"Let Me Ride" is the third hit from The Chronic and serves as a perfect example of the G-Funk blueprint of utilising George Clinton & Bootsy Collins’ P-Funk hit "Mothership Connection" and integrating samples from James Brown and Bill Wither’s 1971 "Kissin’ My Love" were also experimented with in this track with "Swing Down, Sweet Chariot" chiming on every chorus and cutting high pitched hooks behind the typical heavy baseline and well-executed rhyme performance from Dre alone. Additional background vocals supported by Jewell, Ruben and Snoop Dogg’s occasional input. The single was released October, 1993 and hit the Rap Singles chart at number three. Dre was awarded at the 1994 Grammys for Best Rap Solo Performance on "Let Me Ride."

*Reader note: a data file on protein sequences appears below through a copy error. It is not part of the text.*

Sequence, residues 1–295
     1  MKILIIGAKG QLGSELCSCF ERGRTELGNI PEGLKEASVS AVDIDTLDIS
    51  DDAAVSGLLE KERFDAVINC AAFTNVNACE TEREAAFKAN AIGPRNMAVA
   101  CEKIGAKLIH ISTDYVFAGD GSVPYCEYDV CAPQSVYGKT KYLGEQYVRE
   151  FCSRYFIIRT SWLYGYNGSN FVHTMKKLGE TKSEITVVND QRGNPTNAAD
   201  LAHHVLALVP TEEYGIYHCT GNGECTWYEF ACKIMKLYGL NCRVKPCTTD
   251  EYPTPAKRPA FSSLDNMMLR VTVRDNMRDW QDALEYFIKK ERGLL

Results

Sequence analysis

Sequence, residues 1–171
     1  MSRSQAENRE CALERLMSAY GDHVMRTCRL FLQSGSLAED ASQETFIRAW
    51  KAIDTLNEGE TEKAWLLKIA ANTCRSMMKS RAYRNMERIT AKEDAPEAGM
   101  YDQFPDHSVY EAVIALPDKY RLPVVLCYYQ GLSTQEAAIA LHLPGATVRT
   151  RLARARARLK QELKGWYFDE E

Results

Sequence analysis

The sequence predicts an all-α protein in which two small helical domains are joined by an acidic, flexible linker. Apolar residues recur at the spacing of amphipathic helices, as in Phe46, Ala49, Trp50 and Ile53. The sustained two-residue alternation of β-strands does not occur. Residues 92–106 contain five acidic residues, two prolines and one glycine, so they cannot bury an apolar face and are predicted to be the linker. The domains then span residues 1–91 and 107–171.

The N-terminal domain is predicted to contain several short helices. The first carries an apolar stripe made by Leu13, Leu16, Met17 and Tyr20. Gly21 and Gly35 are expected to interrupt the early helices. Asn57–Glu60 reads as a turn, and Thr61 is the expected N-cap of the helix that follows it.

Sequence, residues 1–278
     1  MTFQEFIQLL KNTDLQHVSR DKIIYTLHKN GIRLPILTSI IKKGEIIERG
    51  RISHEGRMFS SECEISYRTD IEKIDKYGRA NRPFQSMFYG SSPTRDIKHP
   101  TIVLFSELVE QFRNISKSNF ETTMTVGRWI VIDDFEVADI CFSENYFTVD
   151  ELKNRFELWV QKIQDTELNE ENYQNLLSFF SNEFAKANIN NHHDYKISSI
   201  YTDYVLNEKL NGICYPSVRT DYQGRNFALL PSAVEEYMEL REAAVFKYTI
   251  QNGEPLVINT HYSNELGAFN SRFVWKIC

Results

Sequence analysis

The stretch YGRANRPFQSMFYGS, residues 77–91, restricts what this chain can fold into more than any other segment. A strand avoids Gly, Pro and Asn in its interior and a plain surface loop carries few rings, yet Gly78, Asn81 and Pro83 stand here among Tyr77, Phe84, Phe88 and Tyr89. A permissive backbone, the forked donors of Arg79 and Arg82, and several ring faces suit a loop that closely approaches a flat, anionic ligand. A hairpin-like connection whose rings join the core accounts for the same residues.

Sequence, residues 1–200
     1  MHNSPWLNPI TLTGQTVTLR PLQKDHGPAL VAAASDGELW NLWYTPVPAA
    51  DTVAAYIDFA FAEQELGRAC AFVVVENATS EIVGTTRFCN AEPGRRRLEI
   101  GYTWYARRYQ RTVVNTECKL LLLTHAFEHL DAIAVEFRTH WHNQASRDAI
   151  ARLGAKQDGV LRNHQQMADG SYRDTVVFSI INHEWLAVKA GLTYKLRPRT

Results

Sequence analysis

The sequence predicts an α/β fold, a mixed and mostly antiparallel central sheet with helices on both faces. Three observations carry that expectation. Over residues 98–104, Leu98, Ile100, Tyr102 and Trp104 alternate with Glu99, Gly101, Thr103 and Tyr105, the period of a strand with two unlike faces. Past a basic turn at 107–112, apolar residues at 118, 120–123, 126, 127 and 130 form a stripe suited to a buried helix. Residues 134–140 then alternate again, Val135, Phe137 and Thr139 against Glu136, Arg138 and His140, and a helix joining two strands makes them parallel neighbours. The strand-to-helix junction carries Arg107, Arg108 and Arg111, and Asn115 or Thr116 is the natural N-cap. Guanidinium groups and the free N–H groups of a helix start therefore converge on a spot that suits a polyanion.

The Chronic is by far the most influential hip-hop album on the west coast, an archetypical exhibit of the new era in music. The definitive work of genius swayed the balance of power in hip-hop in the west coast’s favour for the duration of Dr. Dre’s finest hour of instituting a distinguishing west coast G-Funk genre of sound engineering and record production. The stage has launched the careers to some of hip-hop’s most gifted MC’s, Snoop Dogg, Kurupt, Daz, Lady of Rage, Nate Dogg and Warren G. These became previews to Dr. Dre and Death Row’s sweep in record sales over the following years releasing gold and platinum west coast heavy hitters for the artists stranded on Death Row. G-Funk was the hottest vibe in hip-hop and Death Row owned the rights, this certainly cemented Death Row’s place in hip-hop’s industry. Dr. Dre and Snoop Dogg rode the path of success high and were rewarded along the way. The Billboard charts album lists, The Chronic hit number one on the R&B/Hip-Hop and number three on the Pop charts. It was included in Vibe's "100 Essential Albums of the 20th Century Vibe" and ranked 137 in Rolling Stone’s list of The 500 Greatest Albums of All Time and Essential Recordings of the 90's. The album was listed at number eight in Spin Magazine’s 90 Greatest Albums of the '90s, and was even ranked sixth in Vibe's Top 10 rap albums of all time. Sales from the album sent it three times platinum. Industry insiders and critics claim ‘The Chronic’ is clearly the best produced hip-hop album of all time. It went three-times platinum that year.